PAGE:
Key information: Ganden Kora
- Outstanding kora sacred circumambulation around one of Tibet's greatest monasteries, on its mountaintop high above the Lhasa valley.
- Walk in the company of Tibetan pilgrims muttering mantras, prostrating and sometimes even crawling around the site.
- The profound spiritual importance of these places, combined with their spectacular settings, make them unforgettable places to walk and think.
- The altitude here can hurt. Be prepared.
- Walkopedia rating91
- Natural interest15
- Human interest18
- Negative points4
- Total rating91
- Note: Negs: altitude
- Length: One hour
- Maximum Altitude: 4,500m
- Level of Difficulty: Moderate
Hidden high on a mountaintop above the Lhasa River, east of Tibet's capital, sits the great Ganden Monastery, rising phoenix-like from its own ashes. Its setting is extraordinary: nestled around a semicircular bowl at the head of a small side valley between a hill and rough, lonely mountains, the monastery faces down its valley, across to high pasture, dotted with yaks, a small, poor village far below.
Ganden is hundreds of feet above the Lhasa valley. It is being busily restored, a moving testament to the depth of Tibetan spirit, although it is hard for the non-specialist to know what is faithful and what is Chinese-influenced pastiche.
Ganden was one of Tibets greatest monasteries (and mother monastery of the Gelugpa (Yellow Hat) order), until it was destroyed by Cultural Revolution shellfire. (Interesting parallel between the Taliban destruction of the giant Bamiyan Buddhas and Maoists of Ganden both extreme fundamentalists, both deliberately by shellfire.) I still remember seeing as a child a photograph of the ruins of great Ganden: there was nothing left but grey rubble on a barren mountain slope. I knew nothing of Cultural Revolutions, Tibet, or even China, but have never forgotten it.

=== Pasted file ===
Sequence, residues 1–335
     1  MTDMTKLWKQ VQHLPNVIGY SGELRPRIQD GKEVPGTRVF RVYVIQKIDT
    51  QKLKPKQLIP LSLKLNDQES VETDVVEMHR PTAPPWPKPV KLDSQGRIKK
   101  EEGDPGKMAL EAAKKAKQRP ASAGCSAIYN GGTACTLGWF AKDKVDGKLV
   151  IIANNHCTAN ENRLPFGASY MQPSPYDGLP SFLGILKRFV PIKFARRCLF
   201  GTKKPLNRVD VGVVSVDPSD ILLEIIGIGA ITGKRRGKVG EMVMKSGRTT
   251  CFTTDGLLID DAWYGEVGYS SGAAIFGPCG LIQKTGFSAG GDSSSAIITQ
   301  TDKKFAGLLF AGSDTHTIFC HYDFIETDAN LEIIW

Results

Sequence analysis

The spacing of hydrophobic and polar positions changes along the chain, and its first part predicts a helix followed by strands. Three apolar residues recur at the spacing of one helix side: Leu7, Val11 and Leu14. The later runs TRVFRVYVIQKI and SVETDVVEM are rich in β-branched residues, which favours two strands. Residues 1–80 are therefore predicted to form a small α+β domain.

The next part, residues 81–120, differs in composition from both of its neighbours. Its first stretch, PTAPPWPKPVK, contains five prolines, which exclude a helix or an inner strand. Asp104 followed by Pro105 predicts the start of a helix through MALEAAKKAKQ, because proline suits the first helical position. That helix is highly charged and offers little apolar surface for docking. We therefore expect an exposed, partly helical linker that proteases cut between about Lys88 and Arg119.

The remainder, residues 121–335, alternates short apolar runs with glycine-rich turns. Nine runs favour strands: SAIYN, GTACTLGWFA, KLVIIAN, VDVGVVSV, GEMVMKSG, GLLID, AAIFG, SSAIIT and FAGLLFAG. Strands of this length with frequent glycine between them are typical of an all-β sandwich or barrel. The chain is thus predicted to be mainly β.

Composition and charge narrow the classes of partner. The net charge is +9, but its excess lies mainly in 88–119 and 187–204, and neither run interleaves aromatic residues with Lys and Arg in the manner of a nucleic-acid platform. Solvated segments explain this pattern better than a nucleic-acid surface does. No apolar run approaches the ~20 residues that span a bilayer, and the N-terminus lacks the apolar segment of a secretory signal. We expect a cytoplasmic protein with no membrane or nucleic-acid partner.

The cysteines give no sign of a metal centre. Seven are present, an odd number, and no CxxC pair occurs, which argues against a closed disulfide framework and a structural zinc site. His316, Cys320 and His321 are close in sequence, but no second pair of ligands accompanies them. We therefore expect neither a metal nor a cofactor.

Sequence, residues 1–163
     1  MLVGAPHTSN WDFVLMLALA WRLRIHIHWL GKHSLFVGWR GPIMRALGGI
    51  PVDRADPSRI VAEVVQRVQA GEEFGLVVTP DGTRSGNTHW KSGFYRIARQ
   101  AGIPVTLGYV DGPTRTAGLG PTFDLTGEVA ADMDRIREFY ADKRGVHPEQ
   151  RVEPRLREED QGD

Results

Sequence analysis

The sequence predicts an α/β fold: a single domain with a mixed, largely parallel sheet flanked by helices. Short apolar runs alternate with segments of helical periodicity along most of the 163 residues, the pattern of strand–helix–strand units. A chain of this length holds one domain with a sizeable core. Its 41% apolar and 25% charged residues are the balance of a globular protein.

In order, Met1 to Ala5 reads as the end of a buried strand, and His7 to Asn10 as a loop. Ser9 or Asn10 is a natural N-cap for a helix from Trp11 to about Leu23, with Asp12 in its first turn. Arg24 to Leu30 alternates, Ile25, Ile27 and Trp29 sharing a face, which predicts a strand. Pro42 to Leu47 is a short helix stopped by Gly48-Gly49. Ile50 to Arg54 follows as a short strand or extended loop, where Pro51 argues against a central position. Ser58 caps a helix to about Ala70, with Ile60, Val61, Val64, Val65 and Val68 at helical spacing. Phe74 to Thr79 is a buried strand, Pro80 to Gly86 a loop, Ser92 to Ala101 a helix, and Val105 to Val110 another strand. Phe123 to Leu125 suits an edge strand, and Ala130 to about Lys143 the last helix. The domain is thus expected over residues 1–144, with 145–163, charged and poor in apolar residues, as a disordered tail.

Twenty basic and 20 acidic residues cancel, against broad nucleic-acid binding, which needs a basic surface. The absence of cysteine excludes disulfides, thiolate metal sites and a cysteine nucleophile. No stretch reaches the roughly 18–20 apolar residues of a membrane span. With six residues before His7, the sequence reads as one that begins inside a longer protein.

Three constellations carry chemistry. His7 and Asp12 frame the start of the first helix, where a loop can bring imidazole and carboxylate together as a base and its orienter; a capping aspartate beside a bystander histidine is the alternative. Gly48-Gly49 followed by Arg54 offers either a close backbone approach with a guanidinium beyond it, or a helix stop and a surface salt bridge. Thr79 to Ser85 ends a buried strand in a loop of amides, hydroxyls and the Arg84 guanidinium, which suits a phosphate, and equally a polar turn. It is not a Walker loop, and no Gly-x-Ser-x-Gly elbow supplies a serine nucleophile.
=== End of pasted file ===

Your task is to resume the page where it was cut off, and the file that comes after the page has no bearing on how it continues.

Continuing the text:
The kora starts at a fissure, in the ridgetop and one of the densest, brightest assemblies of prayer flags I have ever seen, an overwhelming display of vivid reds, blues, greens, yellows and whites, each printed with a prayer which is repeatedly dispatched heavenward as the flag flutters in the breeze.
Beyond the flags, the full glory of the Lhasa valley opens up, a huge view, cliffs and slopes falling away to wide bottom, with the river rushing between boulders, patches of tough grazing and little barley fields. Hamlets nestle among stunted trees, brightly fading in autumn. Behind, the scree and barren dun hillsides, all crags, of the high, empty plateau.
The path edges above precipices and sidles under cliffs, although most of the time it cuts across steep grassy slopes. As it swings away from the Lhasa valley, it passes through a notch in the craggy ridge. The path is now on the lee side of the ridge, and small trees crowd the hillside.
A superb trek into the barren hills of the Tibetan plateau, across to Samya monastery, starts from this monastery. Details to follow.
See our Monastery Koras page for detailed practical information.
WILLIAM MACKESY'S ACCOUNT
of this walk
Hidden high on a 4,500m mountaintop above the Lhasa River, some 40km eastward of Lhasa, capital of Tibet, sits the great Ganden Monastry, rising phoenix-like from its own ashes.
Ganden’s setting is extraordinary: nestled around a semicircular bowl at the head of a small side-valley, the monastery faces down its valley, across a poor little village far below to high pasture, dotted with yaks, on the.....READ MORE
Other accounts: share your experiences
Your comments on this walk, your experiences and suggestions, and your photos are very welcome. Where appropriate, you will be credited for your contribution.
Safety and problems: All walks have inherent risks and potential problems, and many of the walks featured on this website involve significant risks, dangers and problems. Problems of any sort can arise on any walk. This website does not purport to identify any (or all) actual or potential risks, dangers and problems that may relate to any particular walk.
Any person who is considering undertaking this walk should do careful research and make their own assessment of the risks, dangers and possible problems involved. They should also go to “Important information” for further important information.
Anyone planning an expedition to this place should see further important information about this walk.
Responsible travel matters, a lot. How you travel will make a real difference - for better or worse. PLEASE consider this when making plans. Read more